|George and Mildred move into their new home. They're invited for a welcoming drink by the Fourmiles, but not wanted still to be around by the time, the Fourmiles' dinner guests arrive - the local Conservative M.P (played by Diana King), and her husband.|
|3||"And Women Must Weep"||20 September 1976|
|George applies for a position as a filing clerk in an estate agency - Jeffrey Fourmile's estate agency. And Fourmile was thinking of a woman for the post.|
|4||"Baby Talk"||27 September 1976|
|Mildred is asked to babysit Tristram. The middle class Fourmiles are going out to see Tom Stoppard's Jumpers. "I hope you like them.", says Mildred considerately. Mildred enjoys babysitting - she wonders if she and George might try and adopt a child themselves. Anthony Sharp appears in this episode, and Truffles, the Ropers' Yorkshire terrier, for the first time.|
|5||"Your Money or Your Life?"||4 October 1976|
|Mildred wants George to get life insurance, and wants to know, for example, how much an average, run-of-the-mill funeral will cost. "Is it for a loved one?" "No, it's for my husband.", Mildred tells the funeral director. But George is not too happy when he realizes he's worth more dead than alive. Michael Ripper, Stella Moray, and Arthur Howard appear in this episode.|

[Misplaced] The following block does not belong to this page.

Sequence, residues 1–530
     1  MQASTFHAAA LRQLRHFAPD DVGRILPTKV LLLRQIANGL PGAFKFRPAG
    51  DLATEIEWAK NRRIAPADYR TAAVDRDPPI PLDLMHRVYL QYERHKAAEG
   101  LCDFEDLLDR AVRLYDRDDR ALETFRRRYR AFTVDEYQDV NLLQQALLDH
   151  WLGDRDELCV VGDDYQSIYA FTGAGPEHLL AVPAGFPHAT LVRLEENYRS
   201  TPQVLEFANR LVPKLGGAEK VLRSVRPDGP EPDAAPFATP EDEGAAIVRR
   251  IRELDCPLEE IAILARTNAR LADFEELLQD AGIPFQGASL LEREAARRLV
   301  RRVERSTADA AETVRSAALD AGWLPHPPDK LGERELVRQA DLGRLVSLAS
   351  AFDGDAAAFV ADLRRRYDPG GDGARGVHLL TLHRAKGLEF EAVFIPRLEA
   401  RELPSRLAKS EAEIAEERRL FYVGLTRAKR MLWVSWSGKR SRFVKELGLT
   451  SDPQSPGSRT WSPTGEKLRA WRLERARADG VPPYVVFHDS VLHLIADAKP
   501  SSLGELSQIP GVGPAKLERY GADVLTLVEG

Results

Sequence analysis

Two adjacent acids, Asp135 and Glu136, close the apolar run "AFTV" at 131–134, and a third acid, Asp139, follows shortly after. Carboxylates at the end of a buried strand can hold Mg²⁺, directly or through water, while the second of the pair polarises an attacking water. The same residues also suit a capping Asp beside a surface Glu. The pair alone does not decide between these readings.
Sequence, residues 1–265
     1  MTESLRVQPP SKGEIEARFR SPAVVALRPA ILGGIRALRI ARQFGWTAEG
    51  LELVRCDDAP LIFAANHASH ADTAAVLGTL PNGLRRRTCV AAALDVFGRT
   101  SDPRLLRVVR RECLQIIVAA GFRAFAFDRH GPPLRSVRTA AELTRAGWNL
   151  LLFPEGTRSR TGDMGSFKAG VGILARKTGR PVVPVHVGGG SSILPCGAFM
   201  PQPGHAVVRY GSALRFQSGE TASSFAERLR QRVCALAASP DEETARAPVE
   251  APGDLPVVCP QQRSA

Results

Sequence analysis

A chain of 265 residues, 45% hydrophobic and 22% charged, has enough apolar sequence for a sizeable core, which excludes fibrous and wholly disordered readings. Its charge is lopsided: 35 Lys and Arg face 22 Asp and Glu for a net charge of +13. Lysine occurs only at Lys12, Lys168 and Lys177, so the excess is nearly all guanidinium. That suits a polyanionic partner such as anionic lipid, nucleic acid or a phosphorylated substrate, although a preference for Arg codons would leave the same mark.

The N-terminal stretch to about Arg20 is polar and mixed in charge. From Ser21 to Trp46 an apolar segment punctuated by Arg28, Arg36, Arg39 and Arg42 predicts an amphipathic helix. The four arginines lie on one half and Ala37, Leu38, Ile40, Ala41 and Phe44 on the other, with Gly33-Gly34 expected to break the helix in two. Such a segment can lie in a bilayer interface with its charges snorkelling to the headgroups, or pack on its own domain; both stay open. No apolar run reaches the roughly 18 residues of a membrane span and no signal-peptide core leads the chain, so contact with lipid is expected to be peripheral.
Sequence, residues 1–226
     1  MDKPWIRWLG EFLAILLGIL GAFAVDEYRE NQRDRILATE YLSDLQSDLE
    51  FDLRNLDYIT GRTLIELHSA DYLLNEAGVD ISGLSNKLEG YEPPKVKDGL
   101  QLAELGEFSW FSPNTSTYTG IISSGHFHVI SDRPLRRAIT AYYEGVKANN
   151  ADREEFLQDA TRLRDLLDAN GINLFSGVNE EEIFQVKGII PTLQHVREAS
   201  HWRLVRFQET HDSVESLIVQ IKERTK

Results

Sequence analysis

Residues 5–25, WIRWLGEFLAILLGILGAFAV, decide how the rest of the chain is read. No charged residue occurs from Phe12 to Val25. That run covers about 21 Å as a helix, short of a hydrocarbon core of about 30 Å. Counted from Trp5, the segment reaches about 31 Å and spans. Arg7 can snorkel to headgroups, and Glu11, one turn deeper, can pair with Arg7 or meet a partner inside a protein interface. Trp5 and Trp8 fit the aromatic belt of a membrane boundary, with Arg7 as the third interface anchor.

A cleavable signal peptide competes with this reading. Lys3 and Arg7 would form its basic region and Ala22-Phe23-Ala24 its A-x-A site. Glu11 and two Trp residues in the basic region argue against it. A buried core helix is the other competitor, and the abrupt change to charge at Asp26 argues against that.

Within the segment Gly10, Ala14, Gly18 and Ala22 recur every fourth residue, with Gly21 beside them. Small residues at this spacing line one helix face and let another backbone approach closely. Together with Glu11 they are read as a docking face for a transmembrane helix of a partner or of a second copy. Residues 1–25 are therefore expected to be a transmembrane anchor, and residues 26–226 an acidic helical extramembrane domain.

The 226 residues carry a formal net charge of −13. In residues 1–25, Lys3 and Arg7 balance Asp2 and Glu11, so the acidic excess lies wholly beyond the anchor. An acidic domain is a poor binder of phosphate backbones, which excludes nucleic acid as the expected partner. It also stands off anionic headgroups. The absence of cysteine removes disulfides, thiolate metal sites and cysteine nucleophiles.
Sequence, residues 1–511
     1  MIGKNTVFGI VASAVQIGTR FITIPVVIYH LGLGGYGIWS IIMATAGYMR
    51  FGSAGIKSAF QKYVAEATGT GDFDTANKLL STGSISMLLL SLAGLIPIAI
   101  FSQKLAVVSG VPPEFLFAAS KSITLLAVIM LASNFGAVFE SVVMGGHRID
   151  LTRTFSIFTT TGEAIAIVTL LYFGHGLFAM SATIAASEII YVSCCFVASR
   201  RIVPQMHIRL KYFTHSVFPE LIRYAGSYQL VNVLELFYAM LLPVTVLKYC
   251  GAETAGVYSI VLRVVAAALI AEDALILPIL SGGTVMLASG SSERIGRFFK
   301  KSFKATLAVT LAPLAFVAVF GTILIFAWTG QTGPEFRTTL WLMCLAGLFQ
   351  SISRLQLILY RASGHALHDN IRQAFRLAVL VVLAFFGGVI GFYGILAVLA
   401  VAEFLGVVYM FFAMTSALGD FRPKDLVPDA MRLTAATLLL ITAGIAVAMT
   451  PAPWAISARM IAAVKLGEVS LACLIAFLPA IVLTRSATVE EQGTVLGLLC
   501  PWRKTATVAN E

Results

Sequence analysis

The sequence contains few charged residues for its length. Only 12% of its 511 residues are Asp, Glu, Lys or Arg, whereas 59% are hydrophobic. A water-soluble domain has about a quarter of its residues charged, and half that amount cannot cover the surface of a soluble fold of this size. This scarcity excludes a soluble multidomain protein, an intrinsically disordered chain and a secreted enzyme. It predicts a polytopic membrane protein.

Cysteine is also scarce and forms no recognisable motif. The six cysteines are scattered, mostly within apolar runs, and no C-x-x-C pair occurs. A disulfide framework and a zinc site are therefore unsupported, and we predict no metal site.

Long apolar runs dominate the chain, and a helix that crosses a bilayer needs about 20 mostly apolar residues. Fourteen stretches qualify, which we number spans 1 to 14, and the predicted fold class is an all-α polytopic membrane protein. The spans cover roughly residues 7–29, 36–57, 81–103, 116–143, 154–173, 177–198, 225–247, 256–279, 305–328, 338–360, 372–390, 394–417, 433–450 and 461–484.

|6||"Where My Caravan Has Rested"||11 October 1976|
|George trades in his broken down car, a Reliant Regal, for a broken down caravan - and the Residents Association are keen to get rid of the eyesore. Mildred's sister Ethel and her husband Humphrey visit from Oxshott. They've had electronic gates fitted for their drive that open to the sound of Ethel's voice. "Haven't seen 'em shut yet.", Humphrey says. (Mildred shows off her Lava lamp in this episode - a very popular item of home decoration in mid to late '70s Britain.) Fourmile meanwhile, runs out of patience and sends the caravan to the scrapyard to be crushed, not knowing that George is still sleeping in it having been thrown out the house by Mildred the night before.|
|7||"The Little Dog Laughed"||18 October 1976|